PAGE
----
Appendicitis During Pregnancy

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Abdominal pain during pregnancy is extremely common. Sometimes it can be severe.

How do a woman and her doctors know whether her abdominal pain is due to pregnancy or something else, for example appendicitis? Diagnosing appendicitis in a pregnant woman has always been challenging for a number of reasons. These reasons include the overlap of abdominal pain symptoms between appendicitis and normal pregnancy, the higher likelihood of non-classic symptoms with appendicitis during pregnancy, anatomic changes related to the enlarged uterus pushing other abdominal structures and organs aside, and the physiologic leukocytosis that occurs during pregnancy (physical stressors like infections and pregnancy may cause the white blood cell count to rise). These factors can lead to the development of complications (i.e. perforation of the appendix with peritonitis) from a delay in diagnosis and treatment plus misdiagnosis resulting in a negative appendectomy.

In the largest study done to date which included close to 100,000 patients, appendectomy for a perforated appendix was associated with a six percent rate of fetal loss and an 11 percent rate of early delivery while, for a negative appendectomy, the rate of fetal loss was four percent and early delivery was 10 percent. Traditionally, the use of any X ray technology in pregnant women was avoided due to potential negative effects on the unborn child due to ionizing radiation. Diagnosing appendicitis in general, relies on physical exam, white blood cell counts, and CT scans (which use radiation). So traditionally, other imaging methods have been used on pregnant women. Sonograms are poor tests to assess the appendix, visualizing the appendix in less than two percent of non-pregnant patients. The American College of Radiology recommends MRIs for diagnosing appendicitis in pregnant women. The problem with using MRI technology, which utilizes powerful magnets without any radiation, is that many ERs do not have MRIs available, especially in rural areas. Plus, because the abdominal organs may be distorted due to pregnancy, a radiologist certified in reading MRIs should interpret the scan. Again, some ERs do not have a radiologist available 24/7 to interpret the scans.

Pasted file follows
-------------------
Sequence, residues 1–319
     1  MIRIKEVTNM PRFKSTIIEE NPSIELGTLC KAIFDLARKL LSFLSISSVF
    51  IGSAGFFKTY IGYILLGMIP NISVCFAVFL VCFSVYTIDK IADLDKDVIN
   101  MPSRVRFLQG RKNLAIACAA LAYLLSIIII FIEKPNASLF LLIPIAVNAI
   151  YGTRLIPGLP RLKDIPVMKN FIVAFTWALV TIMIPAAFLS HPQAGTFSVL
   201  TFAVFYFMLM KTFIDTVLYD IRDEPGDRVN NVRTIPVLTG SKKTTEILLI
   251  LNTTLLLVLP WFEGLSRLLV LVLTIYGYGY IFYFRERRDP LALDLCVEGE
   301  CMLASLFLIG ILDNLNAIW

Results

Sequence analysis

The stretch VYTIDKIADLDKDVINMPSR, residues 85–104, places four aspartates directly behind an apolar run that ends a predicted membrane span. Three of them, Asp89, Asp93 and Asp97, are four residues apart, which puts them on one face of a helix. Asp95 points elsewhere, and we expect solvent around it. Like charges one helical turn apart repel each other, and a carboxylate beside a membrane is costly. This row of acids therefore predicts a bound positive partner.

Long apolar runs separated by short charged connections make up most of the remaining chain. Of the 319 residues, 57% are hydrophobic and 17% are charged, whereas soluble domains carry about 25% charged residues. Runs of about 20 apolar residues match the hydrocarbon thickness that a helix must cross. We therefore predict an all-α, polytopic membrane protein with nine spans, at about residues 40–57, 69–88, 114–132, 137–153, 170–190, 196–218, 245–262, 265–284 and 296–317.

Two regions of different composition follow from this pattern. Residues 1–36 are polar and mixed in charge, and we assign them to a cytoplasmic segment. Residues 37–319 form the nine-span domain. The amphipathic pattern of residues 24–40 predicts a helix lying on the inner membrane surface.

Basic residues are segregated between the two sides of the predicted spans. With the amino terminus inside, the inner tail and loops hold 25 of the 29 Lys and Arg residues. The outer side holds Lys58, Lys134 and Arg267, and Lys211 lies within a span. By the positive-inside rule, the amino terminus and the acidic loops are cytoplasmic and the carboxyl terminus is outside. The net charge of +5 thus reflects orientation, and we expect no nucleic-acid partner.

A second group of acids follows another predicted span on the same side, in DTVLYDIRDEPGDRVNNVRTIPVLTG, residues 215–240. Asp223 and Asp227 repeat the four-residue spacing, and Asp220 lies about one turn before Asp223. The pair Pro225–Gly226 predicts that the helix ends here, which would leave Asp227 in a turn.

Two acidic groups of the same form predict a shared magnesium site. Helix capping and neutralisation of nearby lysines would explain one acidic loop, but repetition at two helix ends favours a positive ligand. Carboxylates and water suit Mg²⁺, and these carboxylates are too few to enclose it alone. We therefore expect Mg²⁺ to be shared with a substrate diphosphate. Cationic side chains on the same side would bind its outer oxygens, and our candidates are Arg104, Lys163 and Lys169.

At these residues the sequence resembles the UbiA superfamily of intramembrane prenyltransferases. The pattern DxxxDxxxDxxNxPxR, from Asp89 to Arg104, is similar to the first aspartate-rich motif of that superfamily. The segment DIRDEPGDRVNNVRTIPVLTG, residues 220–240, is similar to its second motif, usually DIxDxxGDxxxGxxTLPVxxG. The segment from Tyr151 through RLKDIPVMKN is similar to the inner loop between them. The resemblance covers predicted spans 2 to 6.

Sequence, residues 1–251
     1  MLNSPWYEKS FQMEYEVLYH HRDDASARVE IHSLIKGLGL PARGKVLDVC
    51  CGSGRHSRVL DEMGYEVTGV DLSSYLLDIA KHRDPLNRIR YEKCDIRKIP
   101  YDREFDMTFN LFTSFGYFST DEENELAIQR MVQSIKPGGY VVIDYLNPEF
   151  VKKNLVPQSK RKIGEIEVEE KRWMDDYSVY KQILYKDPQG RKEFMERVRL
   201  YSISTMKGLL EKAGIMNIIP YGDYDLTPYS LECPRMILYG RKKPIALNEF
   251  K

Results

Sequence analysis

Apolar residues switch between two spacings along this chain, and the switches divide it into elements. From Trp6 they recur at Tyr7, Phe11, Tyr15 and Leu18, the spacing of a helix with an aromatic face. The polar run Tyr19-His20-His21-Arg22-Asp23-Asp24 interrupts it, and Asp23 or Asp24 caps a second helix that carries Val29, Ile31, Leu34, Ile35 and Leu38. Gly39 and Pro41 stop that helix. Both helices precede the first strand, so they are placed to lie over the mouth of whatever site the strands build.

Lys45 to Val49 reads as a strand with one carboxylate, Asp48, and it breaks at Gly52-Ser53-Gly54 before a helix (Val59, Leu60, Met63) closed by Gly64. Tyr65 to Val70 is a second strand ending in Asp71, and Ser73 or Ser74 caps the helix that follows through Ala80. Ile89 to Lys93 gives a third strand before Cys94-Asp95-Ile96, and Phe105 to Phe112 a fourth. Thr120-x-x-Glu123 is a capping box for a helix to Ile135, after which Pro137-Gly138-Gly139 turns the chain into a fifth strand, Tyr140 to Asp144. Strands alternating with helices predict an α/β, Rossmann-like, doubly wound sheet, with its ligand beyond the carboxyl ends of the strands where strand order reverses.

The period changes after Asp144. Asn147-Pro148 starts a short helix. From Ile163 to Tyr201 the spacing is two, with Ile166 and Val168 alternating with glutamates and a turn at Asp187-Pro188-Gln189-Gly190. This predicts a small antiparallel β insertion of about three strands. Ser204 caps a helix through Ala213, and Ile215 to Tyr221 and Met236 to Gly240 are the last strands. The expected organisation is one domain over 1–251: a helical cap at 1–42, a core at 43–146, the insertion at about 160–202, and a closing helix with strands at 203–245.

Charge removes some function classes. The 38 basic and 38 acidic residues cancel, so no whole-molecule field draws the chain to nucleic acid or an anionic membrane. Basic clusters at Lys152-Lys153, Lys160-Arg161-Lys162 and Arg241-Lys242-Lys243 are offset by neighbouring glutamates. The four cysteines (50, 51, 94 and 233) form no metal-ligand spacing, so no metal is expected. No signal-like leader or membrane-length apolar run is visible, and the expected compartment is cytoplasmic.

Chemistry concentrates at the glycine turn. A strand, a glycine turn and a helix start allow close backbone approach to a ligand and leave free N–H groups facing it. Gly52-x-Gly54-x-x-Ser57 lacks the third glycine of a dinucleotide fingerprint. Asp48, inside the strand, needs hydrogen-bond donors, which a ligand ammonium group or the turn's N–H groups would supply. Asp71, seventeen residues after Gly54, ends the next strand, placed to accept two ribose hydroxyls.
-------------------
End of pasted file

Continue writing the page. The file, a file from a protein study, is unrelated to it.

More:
Fortunately (or perhaps unfortunately), there is an extensive body of knowledge available on the effects of radiation on a fetus. It comes from studies of atomic bomb survivors. It turns out that the lowest documented radiation dose associated with birth defects is 610 mGy (milligrays).

Even in the first trimester, where the fetus is most vulnerable, there are no reports of birth defects reported with doses below 50 mGy. The actual radiation dose associated with a CT scan is 10 to 25 mGy while the fetal dosage is usually less than 5 mGy. Therefore, because of maternal/fetal complications related to missed and delayed diagnoses of appendicitis plus complications of surgery on pregnant women who actually do not have appendicitis (negative appendectomy), many experts now recommend using CT scans on these women to help confirm or rule out the diagnosis of appendicitis and prevent complications.

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